Inkjet establishes its place in mainstream

Pigment & Resin Technology

ISSN: 0369-9420

Article publication date: 1 October 2004



(2004), "Inkjet establishes its place in mainstream", Pigment & Resin Technology, Vol. 33 No. 5.



Emerald Group Publishing Limited

Copyright © 2004, Emerald Group Publishing Limited

Inkjet establishes its place in mainstream

Inkjet establishes its place in mainstream

Drupa 2004 has conclusively demonstrated to the printing industry the commercial success and flexibility inkjet technology can offer.

The claim has been made by inkjet manufacturer Xaar following the giant German show that has just ended.

“One of the most important developments to come out of Drupa was a widely held consensus that inkjet is no longer a sideshow,” said Ian Dinwoodie, Chief Executive, Xaar plc.

“The introduction of our Omnidot greyscale printhead range developed in conjunction with Agfa, along with announcements such as our collaborative agreement with MAN Roland, demonstrate that the industry’s major players now recognise the commercial opportunities inkjet technology presents and how it can work in tandem with – not necessarily in competition to – traditional forms of printing, thereby adding value and versatility to a commercial print house,” said Dinwoodie.

There is now a much greater understanding and focus on the huge potential for inkjet technology.

Throughout most of the halls at Drupa, visitors could see inkjet printers in action utilising a range of applications to print on an extensive range of substrates, he continued.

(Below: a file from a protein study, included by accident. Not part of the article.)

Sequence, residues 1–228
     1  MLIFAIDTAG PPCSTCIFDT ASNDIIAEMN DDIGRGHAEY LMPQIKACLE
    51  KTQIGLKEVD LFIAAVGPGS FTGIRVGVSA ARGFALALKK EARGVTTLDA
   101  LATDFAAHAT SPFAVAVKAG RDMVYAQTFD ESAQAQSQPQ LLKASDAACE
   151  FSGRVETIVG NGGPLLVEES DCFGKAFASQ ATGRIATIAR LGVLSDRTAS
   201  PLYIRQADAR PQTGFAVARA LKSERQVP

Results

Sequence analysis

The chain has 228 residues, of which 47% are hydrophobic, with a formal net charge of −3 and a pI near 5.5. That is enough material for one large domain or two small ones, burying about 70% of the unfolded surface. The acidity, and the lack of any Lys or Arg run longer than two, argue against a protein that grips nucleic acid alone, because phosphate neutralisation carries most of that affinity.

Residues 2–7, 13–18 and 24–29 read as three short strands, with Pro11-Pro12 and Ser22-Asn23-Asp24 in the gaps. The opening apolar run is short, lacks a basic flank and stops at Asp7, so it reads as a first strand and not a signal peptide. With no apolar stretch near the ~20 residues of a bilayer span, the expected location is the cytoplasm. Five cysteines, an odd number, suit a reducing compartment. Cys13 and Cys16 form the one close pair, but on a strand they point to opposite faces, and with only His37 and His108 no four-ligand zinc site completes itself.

Digital inkjet components, media and machines have evolved at an extremely fast rate, enabling printers to produce high quality print, he contended.

“Digital inkjet is now a strong participant in the graphic arts industry and it’s predicted to continue to grow at 15 percent per year over the next five years,” Dinwoodie forecast.

Although traditionally recognised as an inkjet printhead manufacturer, Dinwoodie said the efforts Xaar has made to become a total inkjet systems provider also bore fruit at Drupa.

“The interest from visitors who came to the stand was not confined to the various printheads we launched at the show.

Many wanted to discuss with us the most effective method through which to enter the market and how we could help achieve this for them.

To this end, our range of peripherals launched at the show were well received, as was our ability to work with customers to develop new and bespoke applications and printing machines through, Vivid, our US-based applications division,” he added.

He believed that the company’s “one-stop shop” approach had removed the perceived traditional barriers such as entry cost and specialist technical expertise that is sometimes associated with inkjet technology.

“All the application example machines on our stand, including the four-color, wide format printer manufactured by Chinese OEM, Shenzhen Runtianzhi and the Kappa spot color packaging printer attracted considerable attention.

However, it was the Grapo Octopus X4 wide format UV printer, introduced to the industry for the first time at Drupa that drew an extraordinary level of interest from visitors, with over 20 orders for the machine in the first week alone,” he said.

Dinwoodie that concluded “The Octopus X4 is an excellent example of the flexibility and commercial viability of inkjet technology.

This low cost flexible machine, with the ability to print onto a wide variety of surfaces, including PVC, wood, glass, metals and textiles provides an entry level opportunity for printers.

The next few years are going to be a very exciting time for inkjet and we are looking forward to maintaining our position at the forefront of offering innovative inkjet systems.”

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